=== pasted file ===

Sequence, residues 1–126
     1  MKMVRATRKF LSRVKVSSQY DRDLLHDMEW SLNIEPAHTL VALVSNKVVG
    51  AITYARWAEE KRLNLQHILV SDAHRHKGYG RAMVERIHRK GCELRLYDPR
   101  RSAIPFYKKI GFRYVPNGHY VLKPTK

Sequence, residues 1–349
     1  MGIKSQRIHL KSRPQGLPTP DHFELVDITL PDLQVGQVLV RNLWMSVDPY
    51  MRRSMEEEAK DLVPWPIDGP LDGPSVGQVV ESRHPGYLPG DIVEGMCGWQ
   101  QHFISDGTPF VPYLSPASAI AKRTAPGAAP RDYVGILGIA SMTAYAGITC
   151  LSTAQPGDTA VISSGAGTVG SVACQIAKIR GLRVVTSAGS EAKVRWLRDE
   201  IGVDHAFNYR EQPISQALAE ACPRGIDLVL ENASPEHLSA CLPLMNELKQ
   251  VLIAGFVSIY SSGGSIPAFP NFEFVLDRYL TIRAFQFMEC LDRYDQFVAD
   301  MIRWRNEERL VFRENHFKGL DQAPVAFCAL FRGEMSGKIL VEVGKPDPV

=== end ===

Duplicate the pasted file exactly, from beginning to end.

Sequence, residues 1–126
     1  MKMVRATRKF LSRVKVSSQY DRDLLHDMEW SLNIEPAHTL VALVSNKVVG
    51  AITYARWAEE KRLNLQHILV SDAHRHKGYG RAMVERIHRK GCELRLYDPR
   101  RSAIPFYKKI GFRYVPNGHY VLKPTK

Sequence, residues 1–349
     1  MGIKSQRIHL KSRPQGLPTP DHFELVDITL PDLQVGQVLV RNLWMSVDPY
    51  MRRSMEEEAK DLVPWPIDGP LDGPSVGQVV ESRHPGYLPG DIVEGMCGWQ
   101  QHFISDGTPF VPYLSPASAI AKRTAPGAAP RDYVGILGIA SMTAYAGITC
   151  LSTAQPGDTA VISSGAGTVG SVACQIAKIR GLRVVTSAGS EAKVRWLRDE
   201  IGVDHAFNYR EQPISQALAE ACPRGIDLVL ENASPEHLSA CLPLMNELKQ
   251  VLIAGFVSIY SSGGSIPAFP NFEFVLDRYL TIRAFQFMEC LDRYDQFVAD
   301  MIRWRNEERL VFRENHFKGL DQAPVAFCAL FRGEMSGKIL VEVGKPDPV